A few days after December 7, 1941.

For the Good of Hawaiians

THE MILITARY MADE STATEMENT ABOUT FOOD AND SOME OTHER THINGS.

The military stated that it is necessary to ration food supply and some other items, and so too with medicines, gasoline, oil, and some other things, like food for animals. Continue reading

Oliver H. Kapau, Clarence J. Olds, and James Akana Ai off to Georgia, 1927.

THREE OF NATIONAL GUARD MEMBERS HERE TO INFANTRY SCHOOL

Three members of the Hawaii national guard (298th Infantry), will go to Fort Benning, Ga., to attend the infantry school which will be held at that post from February 28 to May 28, according to orders received from the secretary of war by Col. Percy M. Smoot, commandant. They are Capt. Oliver H. Kapau, Capt. Clarence J. Olds and Master Sgt. James Akana Ai. Continue reading

John Adams Kalahanauokalani Kalakaua Miles, 1917.

John A. K. K. Miles

In The Service of America

The picture above is of a Hawaiian boy who is working in the navy of America at St. Pedro Los Angeles as a secretary in the department of the payroll of the military. Continue reading

I have come across this obituary a number of times, and each time, I think, “What a name!” 1921.

KING KEONAONA IAPANA OKURA HAS PASSED ON

To the Editor of the Kuokoa Newspaper, Aloha oe:—Please insert  in your pride of the nation, our bundle of tears of sadness, about our beloved who departed this life, so that the family and many friends living from Hawaii, the Island of Keawe all the way to Kauai of Manokalanipo will know. Continue reading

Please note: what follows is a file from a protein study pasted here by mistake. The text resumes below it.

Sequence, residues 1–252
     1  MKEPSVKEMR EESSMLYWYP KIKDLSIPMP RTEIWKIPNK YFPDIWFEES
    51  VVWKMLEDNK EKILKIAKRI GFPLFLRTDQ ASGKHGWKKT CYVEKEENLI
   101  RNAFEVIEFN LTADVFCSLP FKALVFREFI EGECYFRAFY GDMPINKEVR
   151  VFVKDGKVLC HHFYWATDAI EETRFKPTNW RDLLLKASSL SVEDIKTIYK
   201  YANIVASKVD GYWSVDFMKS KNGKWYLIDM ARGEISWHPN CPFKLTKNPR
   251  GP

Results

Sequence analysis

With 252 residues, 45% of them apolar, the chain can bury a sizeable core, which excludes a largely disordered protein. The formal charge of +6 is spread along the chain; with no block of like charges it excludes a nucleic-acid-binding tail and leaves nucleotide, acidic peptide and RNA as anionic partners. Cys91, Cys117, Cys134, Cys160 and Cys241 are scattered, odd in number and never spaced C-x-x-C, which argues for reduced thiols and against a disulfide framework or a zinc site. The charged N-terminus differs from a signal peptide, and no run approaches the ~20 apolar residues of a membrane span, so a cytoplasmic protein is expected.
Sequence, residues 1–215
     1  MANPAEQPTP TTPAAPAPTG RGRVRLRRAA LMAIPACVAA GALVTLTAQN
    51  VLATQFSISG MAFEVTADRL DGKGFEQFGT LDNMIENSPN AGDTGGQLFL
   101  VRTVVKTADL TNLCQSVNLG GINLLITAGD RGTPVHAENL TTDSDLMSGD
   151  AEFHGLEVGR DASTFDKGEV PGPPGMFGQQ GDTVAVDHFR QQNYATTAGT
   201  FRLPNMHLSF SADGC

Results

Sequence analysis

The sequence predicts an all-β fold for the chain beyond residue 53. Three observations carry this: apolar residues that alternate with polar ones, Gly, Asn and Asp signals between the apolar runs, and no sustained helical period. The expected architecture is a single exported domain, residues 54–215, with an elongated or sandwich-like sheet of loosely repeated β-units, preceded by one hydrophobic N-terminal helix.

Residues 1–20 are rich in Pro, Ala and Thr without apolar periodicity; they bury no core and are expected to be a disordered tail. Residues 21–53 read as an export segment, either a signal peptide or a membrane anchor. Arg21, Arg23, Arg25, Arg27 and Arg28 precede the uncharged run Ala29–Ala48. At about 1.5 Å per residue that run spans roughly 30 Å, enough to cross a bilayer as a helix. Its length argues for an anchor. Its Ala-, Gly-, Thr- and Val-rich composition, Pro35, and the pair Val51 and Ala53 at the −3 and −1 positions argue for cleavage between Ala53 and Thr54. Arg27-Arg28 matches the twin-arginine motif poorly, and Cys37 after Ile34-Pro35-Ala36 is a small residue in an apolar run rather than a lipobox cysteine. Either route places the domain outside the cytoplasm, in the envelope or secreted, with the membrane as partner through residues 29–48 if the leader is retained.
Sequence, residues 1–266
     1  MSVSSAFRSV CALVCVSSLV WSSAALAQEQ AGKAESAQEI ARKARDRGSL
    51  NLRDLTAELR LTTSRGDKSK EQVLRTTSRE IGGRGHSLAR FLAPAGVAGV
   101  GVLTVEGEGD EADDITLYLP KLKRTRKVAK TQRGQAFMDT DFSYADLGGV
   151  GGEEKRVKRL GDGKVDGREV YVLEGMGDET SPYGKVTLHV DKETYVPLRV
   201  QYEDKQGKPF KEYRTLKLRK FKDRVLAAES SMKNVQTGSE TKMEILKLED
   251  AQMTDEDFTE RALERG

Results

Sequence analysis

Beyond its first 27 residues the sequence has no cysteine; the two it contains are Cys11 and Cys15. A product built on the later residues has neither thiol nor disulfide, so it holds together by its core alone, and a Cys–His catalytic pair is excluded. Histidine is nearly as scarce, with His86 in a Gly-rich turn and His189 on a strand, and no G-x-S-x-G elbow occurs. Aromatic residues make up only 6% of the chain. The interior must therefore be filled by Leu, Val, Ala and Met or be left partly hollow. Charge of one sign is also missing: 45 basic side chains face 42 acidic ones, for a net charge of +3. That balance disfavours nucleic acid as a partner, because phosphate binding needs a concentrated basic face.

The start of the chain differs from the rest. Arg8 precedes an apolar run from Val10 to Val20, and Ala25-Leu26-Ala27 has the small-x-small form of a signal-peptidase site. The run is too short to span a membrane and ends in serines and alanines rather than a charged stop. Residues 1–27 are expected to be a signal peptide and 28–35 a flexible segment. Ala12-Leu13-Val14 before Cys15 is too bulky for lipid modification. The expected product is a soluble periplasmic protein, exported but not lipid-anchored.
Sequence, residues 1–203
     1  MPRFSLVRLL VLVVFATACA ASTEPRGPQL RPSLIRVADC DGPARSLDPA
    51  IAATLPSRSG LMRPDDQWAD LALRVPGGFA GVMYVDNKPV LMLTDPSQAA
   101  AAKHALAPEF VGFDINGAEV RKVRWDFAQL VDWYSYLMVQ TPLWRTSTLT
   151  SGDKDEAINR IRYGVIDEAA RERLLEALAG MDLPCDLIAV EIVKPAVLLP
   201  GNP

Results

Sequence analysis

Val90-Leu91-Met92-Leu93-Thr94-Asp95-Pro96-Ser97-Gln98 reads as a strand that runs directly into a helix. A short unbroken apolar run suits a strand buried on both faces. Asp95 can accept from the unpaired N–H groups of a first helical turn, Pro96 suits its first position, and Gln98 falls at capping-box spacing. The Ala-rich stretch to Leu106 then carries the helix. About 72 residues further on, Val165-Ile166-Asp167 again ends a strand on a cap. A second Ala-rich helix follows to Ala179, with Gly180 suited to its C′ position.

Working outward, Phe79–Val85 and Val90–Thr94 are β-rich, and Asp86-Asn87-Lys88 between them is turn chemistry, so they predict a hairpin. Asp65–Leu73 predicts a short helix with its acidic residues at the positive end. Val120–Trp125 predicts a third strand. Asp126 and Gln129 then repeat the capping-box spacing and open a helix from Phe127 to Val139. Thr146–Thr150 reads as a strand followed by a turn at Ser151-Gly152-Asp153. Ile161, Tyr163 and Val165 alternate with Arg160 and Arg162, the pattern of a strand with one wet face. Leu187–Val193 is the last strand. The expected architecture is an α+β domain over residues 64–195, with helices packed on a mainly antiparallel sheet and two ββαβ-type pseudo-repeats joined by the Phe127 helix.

Edward H. Hanapi, Jr. in Asia writes home, 1920.

Hawaiian Youths in  Siberia

To My Dear Papa

From when we left Honolulu until we reached Japan, I have been reminiscing about you and younger brother, Emperor. The first port we entered was Nagasaki in Japan, which is the port which American ships regularly enter; and from this port we went to Vladivostok. While in Nagasaki, I sent a postcard, and perhaps you have received it. In the month of February, I sent $100; I have not received a response from you, papa. I am sending another $75 by bank draft; tell me if you receive this money. Siberia is a cold land, and we have everything we need. When we arrived in this land, we were well taken care of by the group “Knights of Columbus.” Continue reading

Joseph Kaiponohea Aea, 1901.

—It is expected that our first and nearest insular possession in the Pacific—the Sandwich Islands—will soon have a representative in the Military Academy at West Point,  in the person of Mr. Joseph Kaiponohea Aea. Mr. Aea is a young man of eighteen years, a pure-blood Hawaiian native. Continue reading